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February 27, 2013

Why Google Glass is fascinating; Chromebook Pixel just puzzling

by narie4

Why Google Glass is fascinating; Chromebook Pixel just puzzling

As the article’s title implies, Google seems to have struck a chord on potentially delivering real innovative value with its most recent teaser of Google Glass (https://www.youtube.com/watch?v=6BTCoT8ajbI).  Although Glass has its skeptics, I believe that “augmented reality” (which adds to the user’s experience without obstructing it) is totally new value that many will pay top-dollar for (indeed, the Glass prototype is currently going for $1,500).  Sharing an experience with a friend in real-time – and watching their reaction in the corner of your eye, also in real-time – is something that has never been done before, and frankly sounds awesome.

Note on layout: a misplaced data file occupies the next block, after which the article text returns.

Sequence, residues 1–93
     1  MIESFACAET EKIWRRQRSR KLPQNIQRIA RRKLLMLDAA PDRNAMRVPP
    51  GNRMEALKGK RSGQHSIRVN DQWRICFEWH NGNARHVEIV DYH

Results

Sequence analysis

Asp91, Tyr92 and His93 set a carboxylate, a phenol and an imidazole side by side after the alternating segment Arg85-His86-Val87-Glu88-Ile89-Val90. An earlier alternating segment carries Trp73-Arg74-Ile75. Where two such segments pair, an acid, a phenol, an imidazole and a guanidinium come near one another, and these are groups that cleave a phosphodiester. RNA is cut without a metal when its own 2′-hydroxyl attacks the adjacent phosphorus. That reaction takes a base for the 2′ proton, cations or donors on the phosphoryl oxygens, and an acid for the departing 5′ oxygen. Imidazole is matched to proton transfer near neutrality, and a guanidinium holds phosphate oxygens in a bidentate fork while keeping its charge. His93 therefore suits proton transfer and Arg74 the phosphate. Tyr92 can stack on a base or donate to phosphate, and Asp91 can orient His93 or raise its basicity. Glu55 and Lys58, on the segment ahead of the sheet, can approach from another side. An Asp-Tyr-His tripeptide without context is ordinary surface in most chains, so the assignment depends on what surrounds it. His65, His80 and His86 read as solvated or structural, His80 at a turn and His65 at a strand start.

Google’s latest notebook (Chromebook Pixel) however, just really seems to miss that absolutely essential function Rob Daley talked about.  What is a notebook, really?  A portable computer.  Now like all Chromebooks, the Pixel is purely cloud-driven, and so is basically a brick without an internet connection.  But with an internet connection, it is amazingly fast and functional while carrying around very little hardware, normally necessary for a traditional notebook (the Pixel has only 32 GBs of hard drive storage!).  But with a mere 5 hours of battery life, it’s not clear where all that saved space and computing power is going.  For a portable computer, the Pixel isn’t looking all that portable, and will likely convince few people to pony up at its current $1,299 price tag.

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